What exactly is a septic system and how does it work? Here is an abbreviated version or overview of modern Septic System components and how they work provided by All-Clear Septic and Wastewater Services.
A septic system is used to process and clean waste water from houses and larger facilities. A septic system needs enough open land for the treated water to pass through the ground and be reabsorbed into nature.
The primary component in a septic system is a holding tank. This tank is generally buried underground and connected to waste water inputs by pipes flowing from the building’s waste system. The tank acts as a settling area for solids to be collected, and a pass-through for water to move to the distribution box and soil absorption.
In the tank, live beneficial bacteria help to break down organic waste in the system. This enables the septic system to go years, in some cases, without the need to service the system. To help the bacteria work, newer systems are equipped with aerators which add oxygen to the tank, which is a critical component needed by the bacteria to help break apart waste.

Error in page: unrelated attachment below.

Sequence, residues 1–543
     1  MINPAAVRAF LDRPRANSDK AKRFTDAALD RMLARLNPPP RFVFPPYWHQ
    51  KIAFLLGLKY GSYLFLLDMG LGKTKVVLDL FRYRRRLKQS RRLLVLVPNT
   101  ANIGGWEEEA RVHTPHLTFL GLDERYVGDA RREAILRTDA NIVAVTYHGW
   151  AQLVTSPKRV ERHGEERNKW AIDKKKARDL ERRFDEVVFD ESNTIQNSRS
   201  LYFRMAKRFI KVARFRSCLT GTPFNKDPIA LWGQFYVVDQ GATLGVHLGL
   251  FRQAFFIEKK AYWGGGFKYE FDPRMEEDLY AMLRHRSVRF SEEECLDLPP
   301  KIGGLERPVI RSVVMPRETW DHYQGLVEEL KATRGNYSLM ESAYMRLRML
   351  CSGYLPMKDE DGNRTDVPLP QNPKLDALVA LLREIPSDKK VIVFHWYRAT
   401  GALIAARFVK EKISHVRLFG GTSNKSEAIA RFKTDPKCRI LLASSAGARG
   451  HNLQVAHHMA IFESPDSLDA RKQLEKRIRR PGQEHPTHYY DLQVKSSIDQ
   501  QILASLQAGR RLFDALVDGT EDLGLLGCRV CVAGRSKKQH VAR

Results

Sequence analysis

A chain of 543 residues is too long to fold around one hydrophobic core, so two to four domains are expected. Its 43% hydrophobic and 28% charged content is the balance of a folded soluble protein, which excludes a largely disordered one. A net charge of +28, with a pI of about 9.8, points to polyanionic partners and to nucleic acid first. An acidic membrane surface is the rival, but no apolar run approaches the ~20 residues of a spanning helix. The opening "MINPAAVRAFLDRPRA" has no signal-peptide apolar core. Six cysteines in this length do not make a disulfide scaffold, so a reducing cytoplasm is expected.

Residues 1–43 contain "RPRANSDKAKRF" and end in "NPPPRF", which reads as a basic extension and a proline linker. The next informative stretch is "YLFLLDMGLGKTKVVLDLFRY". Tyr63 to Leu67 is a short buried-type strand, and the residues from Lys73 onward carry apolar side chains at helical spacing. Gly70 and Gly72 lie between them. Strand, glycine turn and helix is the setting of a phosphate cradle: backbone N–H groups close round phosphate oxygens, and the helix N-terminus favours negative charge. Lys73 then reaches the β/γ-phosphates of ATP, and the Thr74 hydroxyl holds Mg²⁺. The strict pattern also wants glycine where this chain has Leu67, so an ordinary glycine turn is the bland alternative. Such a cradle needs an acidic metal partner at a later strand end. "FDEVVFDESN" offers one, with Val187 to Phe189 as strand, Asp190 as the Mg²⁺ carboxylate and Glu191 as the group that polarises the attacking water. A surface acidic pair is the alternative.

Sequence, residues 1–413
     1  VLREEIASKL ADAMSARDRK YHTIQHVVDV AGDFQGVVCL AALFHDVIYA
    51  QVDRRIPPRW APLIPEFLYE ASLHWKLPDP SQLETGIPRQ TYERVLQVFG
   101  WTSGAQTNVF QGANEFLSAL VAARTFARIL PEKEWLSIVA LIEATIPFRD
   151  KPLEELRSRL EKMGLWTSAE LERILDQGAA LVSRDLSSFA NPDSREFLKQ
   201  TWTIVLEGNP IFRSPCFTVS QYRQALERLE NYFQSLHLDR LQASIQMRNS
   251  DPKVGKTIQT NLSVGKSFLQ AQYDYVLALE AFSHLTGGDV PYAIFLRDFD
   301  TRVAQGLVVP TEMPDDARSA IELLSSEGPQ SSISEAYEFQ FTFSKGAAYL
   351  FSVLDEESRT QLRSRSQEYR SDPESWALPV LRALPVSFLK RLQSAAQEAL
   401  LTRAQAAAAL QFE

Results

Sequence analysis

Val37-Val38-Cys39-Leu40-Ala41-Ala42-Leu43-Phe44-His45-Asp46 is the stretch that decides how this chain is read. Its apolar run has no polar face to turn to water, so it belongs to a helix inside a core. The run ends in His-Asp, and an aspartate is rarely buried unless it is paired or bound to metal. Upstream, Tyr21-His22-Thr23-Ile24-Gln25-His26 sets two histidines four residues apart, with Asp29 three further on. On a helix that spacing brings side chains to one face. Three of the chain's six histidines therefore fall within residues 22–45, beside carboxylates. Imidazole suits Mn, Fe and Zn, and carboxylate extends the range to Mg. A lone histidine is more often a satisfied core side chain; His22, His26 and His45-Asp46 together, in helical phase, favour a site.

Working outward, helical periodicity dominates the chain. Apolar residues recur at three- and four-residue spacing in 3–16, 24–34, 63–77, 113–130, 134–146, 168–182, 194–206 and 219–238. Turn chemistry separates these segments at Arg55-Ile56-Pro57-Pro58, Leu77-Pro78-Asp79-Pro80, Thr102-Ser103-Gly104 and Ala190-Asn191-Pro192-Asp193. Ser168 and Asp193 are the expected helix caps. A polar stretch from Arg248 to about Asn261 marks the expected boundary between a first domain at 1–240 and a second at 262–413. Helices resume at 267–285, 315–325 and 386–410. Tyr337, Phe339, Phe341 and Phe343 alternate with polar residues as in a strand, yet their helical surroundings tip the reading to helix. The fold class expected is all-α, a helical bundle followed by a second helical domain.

For systems with a soil absorption system, processed water in the tank passes through a pipe to the distribution box, which sends water to the various sections of the leaching system. The leaching system is the mechanism by which treated water is returned to the soil in a safe and ecologically friendly manner. A leaching system may be one of several different styles with pits, trenches or a field being the most popular systems. A leaching field is an area of soil and gravel or sand with excellent drainage through which treated waste water is able to be absorbed into the ground and continue the cleansing process through a natural ecological system.
Septic systems should be professionally pumped out on a regular basis to remove solids which build up on the bottom. Pumping also removes improperly flushed materials that cannot be broken down naturally.
Septic systems are designed to handle a specific volume or waste per day from the building it is connected to. Residential systems are built with the number of bedrooms and occupants as the primary factors in calculating the required size of the system.
This is a simplifed version of a septic system. Visit www.allclearseptic.com and click on the education tab for a more thorough explanation.
The septic professionals at All-Clear have years of experience in Massachusetts, Rhode Island, Maine, and Hawaii in all aspects of septic engineering, inspection, installation, repair and maintenance! Don’t wait for your septic to fail, call 508-763-4431 today!
This blog was posted on July 14, 2015 on www.allclearseptic.com